Friday, November 7, 2008

Veterans Day: Dotson Davis

The article pictured to the left appeared in the Douglas County Sentinel on July 17, 2005 to honor FBCLS member Dotson Davis. The article states:

Joseph Dotson Davis is not one to talk about his days in the army fighting in World War II; for 60 years his stories of the war were kept from everyone including his family. But after years of urgent requests Davis sat down last year to write his story. And, on Father’s Day, he was honored by receiving the medals he had earned in the war. “I remember not be scared entering the military March 2, 1943 at Fort McClellan, Alabama because it was something I had to do,” he said.

In 1944, Davis fought in the Battle of the Bulge when he, along with other allied soldiers were captured by the Germans.

“My fellow troops in the 28th Infantry Reconnaissance and I were in a Belguim hotel and could see the Germans coming to get us in a whole bunch of tanks, we tried to run but they captured or killed the 28 troops,” he said.

He was held prisoner in the M. Stammlager XIIA war camp for three and a half months and lost 40 pounds from malnutrition.

“I was a prisoner of war for three and a half months and only fed potato soup and slept in a warehouse-like building on straw covered floors with body lice all around us,” he said.

Then one day while Davis was in a box cart being transported by the Germans to another camp, the train came to an abrupt halt while in a mountain tunnel.

“I knew immedately we were being rescued. We were liberated by an American Tank Division, after the bombed the train track crippling the German transportation system,” he said.

After being rescued Davis was immediately sent to the hospital to recover from malnutrition and frost bite.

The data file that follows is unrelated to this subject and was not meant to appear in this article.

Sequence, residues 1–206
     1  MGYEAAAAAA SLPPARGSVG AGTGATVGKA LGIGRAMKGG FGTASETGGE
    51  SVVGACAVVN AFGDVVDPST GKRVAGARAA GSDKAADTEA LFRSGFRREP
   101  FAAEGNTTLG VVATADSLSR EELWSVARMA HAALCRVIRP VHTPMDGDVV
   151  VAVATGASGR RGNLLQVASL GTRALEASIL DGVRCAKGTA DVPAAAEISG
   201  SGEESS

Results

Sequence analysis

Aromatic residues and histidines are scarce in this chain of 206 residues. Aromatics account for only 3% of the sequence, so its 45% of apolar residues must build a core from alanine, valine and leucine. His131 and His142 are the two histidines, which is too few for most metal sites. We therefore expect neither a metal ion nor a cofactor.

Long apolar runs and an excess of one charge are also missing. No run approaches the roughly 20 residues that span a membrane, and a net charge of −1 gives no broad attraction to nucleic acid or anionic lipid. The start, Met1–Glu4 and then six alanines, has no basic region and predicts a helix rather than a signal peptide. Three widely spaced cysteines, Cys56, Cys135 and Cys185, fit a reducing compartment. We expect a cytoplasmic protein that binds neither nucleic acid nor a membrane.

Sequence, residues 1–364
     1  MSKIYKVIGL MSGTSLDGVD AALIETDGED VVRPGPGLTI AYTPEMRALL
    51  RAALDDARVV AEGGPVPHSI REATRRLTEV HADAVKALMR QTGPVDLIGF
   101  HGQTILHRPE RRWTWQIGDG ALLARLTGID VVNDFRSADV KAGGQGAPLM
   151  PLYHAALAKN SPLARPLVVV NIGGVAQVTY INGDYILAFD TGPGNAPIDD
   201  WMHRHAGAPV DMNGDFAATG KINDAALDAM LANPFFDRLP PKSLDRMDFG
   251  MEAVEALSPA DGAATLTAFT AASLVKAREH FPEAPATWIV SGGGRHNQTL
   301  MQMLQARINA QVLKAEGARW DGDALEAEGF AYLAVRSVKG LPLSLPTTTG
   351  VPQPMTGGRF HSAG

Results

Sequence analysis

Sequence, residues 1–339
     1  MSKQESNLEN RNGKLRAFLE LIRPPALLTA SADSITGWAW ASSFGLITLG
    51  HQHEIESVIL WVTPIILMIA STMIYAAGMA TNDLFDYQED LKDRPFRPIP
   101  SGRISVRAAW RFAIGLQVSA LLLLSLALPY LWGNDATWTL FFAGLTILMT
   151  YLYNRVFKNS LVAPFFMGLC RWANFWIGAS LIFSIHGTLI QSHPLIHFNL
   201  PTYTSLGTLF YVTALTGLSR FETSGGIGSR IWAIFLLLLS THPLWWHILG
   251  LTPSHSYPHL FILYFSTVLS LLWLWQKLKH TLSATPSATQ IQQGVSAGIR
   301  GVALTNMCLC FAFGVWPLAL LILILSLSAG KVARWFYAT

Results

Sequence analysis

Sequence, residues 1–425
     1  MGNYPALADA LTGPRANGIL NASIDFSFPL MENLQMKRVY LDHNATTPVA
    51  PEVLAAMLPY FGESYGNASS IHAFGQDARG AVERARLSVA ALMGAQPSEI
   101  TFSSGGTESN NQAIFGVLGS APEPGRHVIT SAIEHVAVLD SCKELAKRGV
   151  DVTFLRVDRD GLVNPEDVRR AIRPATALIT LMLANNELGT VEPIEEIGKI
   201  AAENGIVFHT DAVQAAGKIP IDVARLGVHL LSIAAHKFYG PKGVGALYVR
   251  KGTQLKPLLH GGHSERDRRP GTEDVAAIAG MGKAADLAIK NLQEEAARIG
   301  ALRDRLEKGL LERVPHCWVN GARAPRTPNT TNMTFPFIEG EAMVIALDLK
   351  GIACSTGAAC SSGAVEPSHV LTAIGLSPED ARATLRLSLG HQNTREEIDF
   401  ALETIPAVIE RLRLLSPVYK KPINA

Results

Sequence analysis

“I had frost bitten toes, blue under some nails and lost nails on my toes,” he said. Now my feet ache after I have walked a short distance or stand for a long period of time.”

Davis remained in the Army a few more months before being dishonorably discharged in 1946.

After returning home without any military medals, Davis made a decision to remain mum about his Army adventures after marrying his wife Ruth and raising his two daughters, Beverly Reagin of Villa Rica and Marilyn Freeman of Douglasville.

“I was not proud to talk about it, it was an awful time,” he said.

Even now, Davis doesn’t like to go into detail about fighting in the war.

“If people ask questions, I will tell them but I normally don’t talk about it,” he said.

But after years of silence, Davis decided to tell his story within the last year at the urging of his nephew, Robert Davis, of Melbourne, Florida.

“He asked me to tell him the details of the war for several years now, so I finally decided to do it,” he said.

In May, the Davis family took a trip to Washington D.C. to see the World War II memorial. While there, his daughter Beverly inquired about obtaining her father’s medals from the war.

And finally after 60 years, Davis received more than six medals from the U.S. Army including the U.S. Purple Heart and a Prisoner of War medal. Ron Young, a former POW captured by the Iraq soldiers, made a special visit to the Davis home to present the medals.

“My daughter Beverly asked him to come to our families’ Father’s Day cookout, and Ron surprised me with the plaque,” he said.

“I was surprised to see Ron, and I did not know I had so many medals and pins,” he said.

Young made himself at home at the Davis’ home that day enjoying hamburgers and hotdogs and taking pictures with the family.

Ron told me that when he was a POW, the Iraqis only fed him burned rice, so when he came into the kitchen to eat I said, “You want some rice?” Ron laughed and said, “I am staying far away from the rice,” laughed Davis.

You can click on the newspaper articles to enlarge them....

If you would like to see more posts regarding the veterans at FBCLS follow the link
here for a complete listing.